Stewpitt: If you are who I think you are, where's the love?
Good Luck!

I think in the position I stand, I have the oportunity to hopefully try out both CDF and a city department. I'm sure after that I would be able to make a better decision on where I want to take my firefighting career.

I love California, and definately want to stay here. Ideally I would work near the beach, but I'll take anything now.

Another lucky thing is, I don't have any obligations. I have no GF or children, so I can pretty much go wherever I want to.

And as far as sacrafice, I was in the Army, and know all about leaving my friends and family to achieve a dream and a life goal.

That is probably true that everyone feels so comfortable with bashing CDF....However why do we feel the need to bash anyone in the fire service. Think about it...CDF fights more fire, and more BIG fire then probably anyone in the nation, and they do it for a lot less money....maybe it's about time we stop and give them some serious overdue "props"....and as far as being dumb@@s'....Im sure all the company and chief officer in CDF really appreciate that. Im sure that so too do all the "city" fire folks who came through CDF ranks...I know many company officers and a few chief officers who started with the state. ALL say it was a great training experience and fought a lot of fire!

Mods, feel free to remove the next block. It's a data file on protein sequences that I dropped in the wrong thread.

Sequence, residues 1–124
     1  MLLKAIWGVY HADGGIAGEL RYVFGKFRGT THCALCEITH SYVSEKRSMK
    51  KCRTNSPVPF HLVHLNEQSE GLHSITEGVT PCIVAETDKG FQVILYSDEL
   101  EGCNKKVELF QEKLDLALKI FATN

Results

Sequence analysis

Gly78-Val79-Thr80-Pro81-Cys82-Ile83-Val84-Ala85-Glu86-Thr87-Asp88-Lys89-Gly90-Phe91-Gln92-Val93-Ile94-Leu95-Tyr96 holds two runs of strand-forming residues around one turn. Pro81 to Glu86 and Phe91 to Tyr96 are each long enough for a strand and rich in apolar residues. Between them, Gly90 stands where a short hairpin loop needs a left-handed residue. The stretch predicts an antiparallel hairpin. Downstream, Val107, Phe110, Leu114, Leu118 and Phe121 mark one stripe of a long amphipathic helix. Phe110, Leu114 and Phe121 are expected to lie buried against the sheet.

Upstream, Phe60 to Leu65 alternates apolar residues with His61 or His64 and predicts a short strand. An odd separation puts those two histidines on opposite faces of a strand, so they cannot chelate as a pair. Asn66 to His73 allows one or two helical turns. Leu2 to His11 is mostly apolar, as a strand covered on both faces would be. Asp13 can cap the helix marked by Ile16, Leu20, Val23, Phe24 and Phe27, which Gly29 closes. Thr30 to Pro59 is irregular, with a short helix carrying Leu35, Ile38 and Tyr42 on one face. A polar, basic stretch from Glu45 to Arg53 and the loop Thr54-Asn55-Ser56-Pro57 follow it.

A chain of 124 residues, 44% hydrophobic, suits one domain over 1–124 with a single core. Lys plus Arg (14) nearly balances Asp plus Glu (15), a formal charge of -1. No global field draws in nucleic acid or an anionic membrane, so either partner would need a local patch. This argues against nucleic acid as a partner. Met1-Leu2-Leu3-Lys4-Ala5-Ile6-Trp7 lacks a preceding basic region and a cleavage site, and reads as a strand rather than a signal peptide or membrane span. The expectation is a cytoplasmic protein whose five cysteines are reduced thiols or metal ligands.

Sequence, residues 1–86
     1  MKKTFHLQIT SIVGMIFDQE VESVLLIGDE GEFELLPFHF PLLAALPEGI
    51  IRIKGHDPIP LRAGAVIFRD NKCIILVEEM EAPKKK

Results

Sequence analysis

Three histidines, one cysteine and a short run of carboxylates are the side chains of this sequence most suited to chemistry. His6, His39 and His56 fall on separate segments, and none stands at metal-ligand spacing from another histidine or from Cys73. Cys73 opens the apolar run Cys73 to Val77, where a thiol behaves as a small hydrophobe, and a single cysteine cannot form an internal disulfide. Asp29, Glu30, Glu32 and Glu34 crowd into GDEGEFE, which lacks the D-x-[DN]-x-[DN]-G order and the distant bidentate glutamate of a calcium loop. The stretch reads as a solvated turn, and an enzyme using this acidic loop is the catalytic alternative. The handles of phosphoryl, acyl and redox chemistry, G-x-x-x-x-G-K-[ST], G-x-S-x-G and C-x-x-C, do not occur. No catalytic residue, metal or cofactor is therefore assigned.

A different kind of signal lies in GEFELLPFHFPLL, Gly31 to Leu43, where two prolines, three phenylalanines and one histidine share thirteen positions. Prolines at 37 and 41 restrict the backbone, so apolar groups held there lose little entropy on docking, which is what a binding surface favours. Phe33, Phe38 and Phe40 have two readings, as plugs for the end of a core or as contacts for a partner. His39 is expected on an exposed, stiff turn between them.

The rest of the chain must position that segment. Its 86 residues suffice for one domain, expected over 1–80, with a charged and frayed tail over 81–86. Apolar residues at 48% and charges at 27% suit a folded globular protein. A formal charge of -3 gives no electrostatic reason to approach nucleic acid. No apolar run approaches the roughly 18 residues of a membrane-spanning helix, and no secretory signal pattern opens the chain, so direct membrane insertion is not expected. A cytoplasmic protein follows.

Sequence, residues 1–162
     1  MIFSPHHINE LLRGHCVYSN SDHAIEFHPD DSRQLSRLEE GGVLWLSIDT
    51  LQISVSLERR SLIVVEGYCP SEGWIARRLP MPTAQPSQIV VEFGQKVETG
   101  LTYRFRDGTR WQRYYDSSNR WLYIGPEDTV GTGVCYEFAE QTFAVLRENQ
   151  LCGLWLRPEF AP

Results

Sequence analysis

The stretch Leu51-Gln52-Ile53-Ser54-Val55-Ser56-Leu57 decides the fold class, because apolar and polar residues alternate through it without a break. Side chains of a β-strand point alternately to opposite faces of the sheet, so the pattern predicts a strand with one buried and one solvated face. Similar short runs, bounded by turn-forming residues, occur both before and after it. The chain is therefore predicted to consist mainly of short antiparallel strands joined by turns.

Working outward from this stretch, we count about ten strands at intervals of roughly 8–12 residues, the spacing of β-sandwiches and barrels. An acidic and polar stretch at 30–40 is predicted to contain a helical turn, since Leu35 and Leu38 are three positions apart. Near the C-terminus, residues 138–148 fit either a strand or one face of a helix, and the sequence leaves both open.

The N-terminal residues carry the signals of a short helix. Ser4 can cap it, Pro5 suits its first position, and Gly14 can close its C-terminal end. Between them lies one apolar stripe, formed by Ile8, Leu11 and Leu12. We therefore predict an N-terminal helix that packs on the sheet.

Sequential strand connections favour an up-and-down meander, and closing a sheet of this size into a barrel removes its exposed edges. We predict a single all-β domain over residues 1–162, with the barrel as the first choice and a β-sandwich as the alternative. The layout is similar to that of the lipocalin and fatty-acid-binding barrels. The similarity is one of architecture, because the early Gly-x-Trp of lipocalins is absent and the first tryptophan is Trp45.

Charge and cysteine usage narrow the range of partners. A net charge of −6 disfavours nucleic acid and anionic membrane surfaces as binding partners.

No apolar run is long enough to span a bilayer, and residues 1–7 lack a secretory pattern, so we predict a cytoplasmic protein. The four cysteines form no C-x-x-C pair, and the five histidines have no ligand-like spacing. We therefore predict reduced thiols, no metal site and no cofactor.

Think about it


I am a little late to this topic, but if you still are browsing responses here's my .02.

The benefits you will reap by starting your fire service career in the CDF are huge. First and foremost is a BOMB-PROOF WORK ETHIC. Say what you will about sched B-ers, but they know what it means to work from sun-up to sundown (and more) and will hike circles around most Type 1 strike teams. It is an experience you will continually draw upon not only during your pursuit of a permanent position, but when you achieve that goal as well. I too know many Captains and Chiefs of city dept's (including my own BC) that got their start with the Great State of California.

Also keep in mind that you can reserve/volunteer during the off-season to further your experience on the sched A side.

Take care and good luck.

I would just like to send out a sincere thank you to all the staff I had the pleasure to work for with CDF. They taught me everything I know about firefighting. I would'nt even be testing with any department had I not got ALL of my training through them. We should never have any thing negative to say about our brothers and sisters. Good luck anyone trying to achieve your dream.
God Bless, Scott Cowan